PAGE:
Ahead of the first #COTcpdclub Twitter chat (Thursday 3rd April, 12-1pm), Zoe Parker (@COTcpd) takes a look at a new learning portal for mental health, and highlights the work needed to achieve genuine parity of esteem.
As spring starts to unfurl I would like to share some good news about a really exciting and ambitious collaborative educational project. Last week my colleague, Karin Bishop, and I went to the launch of MindEd, a new portal which aims to reach a million people who work with children and young people. It provides evidence-based resources to inform and support their work and help them to make the right decisions—decisions that support the development of healthy young minds and decisions to intervene early before mental health problems can ruin lives.
This is work funded by the Department of Health and led with exemplary collegiality by the Royal College of Paediatrics and Child Health. They involved some key medical professional bodies and included the charities Young Minds and the National Childrens Bureau (NCB) in the first phase of the project.
Last October COT was invited to get involved and I hope to be able to share some plans for future developments with you soon.
It would be great if you could spread the word about this portal. It’s completely free to access and available to all. You can register if you want to track your learning or you can just visit anonymously and still access all the resources. Because it’s freely available, those children and young people who want to can also access it. Because it’s accessible online, there’s no need for anyone to know that a person is seeking help through gaining knowledge, which avoids the awful shame and stigma people can feel about disclosing their mental health issues.
Norman Lamb, the Minister for Care and Support, was at the launch last week, and he made the point that this is part of the work to achieve parity of esteem between physical and mental health as discussed here by NHS England’s Director for Patients with Long-term Conditions, Dr Martin McShane—surely with our holistic approach this must be very dear to OT hearts?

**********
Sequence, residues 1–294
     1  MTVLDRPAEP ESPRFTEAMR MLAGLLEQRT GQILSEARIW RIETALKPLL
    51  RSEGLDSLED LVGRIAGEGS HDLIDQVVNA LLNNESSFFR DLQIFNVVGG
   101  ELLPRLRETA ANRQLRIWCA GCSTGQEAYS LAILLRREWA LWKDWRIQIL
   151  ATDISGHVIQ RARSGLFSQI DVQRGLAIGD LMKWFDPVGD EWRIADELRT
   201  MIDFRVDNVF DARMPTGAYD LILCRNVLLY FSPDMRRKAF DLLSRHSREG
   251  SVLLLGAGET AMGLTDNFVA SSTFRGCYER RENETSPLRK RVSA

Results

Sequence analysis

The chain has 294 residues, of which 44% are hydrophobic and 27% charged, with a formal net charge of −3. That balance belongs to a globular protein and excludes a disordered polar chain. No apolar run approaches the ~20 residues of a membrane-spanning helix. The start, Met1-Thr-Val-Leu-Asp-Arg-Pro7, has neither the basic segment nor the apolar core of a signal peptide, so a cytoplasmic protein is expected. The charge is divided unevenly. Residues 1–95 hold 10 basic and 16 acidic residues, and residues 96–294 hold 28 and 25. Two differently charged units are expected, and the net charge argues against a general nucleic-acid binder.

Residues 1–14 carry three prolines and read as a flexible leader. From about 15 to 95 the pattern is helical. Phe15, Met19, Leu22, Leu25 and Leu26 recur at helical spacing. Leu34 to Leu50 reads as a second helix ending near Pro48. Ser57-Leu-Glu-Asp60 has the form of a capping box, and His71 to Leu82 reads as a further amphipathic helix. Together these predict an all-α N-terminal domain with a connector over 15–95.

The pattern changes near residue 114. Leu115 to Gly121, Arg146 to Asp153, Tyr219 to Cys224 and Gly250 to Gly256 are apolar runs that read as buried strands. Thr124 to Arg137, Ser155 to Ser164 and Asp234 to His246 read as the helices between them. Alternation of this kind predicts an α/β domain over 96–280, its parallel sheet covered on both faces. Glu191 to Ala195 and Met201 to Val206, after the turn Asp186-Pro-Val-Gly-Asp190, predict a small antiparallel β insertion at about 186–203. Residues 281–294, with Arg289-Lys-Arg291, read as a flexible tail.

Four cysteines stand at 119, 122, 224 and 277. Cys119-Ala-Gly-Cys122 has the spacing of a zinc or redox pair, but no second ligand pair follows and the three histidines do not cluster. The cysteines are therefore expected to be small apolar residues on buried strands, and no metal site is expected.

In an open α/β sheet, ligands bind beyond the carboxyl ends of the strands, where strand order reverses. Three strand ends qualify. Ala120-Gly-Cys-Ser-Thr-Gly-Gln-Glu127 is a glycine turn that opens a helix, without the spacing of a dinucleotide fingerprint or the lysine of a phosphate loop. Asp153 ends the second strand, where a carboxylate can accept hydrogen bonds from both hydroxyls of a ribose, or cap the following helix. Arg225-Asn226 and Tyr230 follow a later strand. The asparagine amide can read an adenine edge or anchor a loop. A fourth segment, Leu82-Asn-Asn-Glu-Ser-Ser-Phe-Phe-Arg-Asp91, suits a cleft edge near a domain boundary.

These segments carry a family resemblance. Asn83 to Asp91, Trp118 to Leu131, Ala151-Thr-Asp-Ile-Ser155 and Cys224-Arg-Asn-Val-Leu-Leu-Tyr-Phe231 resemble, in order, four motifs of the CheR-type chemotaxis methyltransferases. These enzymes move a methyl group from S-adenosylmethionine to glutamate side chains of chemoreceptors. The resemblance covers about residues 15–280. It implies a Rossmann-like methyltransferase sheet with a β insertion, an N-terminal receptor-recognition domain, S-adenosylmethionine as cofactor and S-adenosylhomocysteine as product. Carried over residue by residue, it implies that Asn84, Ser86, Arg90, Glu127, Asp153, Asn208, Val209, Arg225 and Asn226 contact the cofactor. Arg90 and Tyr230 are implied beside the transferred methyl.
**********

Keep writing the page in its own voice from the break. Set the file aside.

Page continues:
The launch was both very heartening and somewhat depressing. It’s heartening to have a great new initiative that surely will help some children and young people to lead happier lives and to thrive. It’s depressing that if I were terribly concerned about the mental well-being of a young person or small child I would not necessarily know whom to refer to as services vary so tremendously across all the regions in the UK. Also, although we were talking across professions and there was a nice variety of people on my table, I got disheartened by the sense of the fragmentation and lack of integration both within and between professions. It does seem that those within professions who care for the most vulnerable can be perceived as having lower status within those professions. I remember this phenomenon from my time in teacher education, when the special needs educators were often treated as having the lowest status even though they were also often the most highly skilled.
It was sad to think that mental health is still the poor relation when it comes to funding. Norman Lamb stated that he was quite angry to find that services are still being commissioned with a huge bias towards spending on visible problems and so physical health.
Please explore the MindEd portal and record this as a CPD activity. What do you think about it? How can we help it to reach a million professionals so that the children and young people they work with can be supported?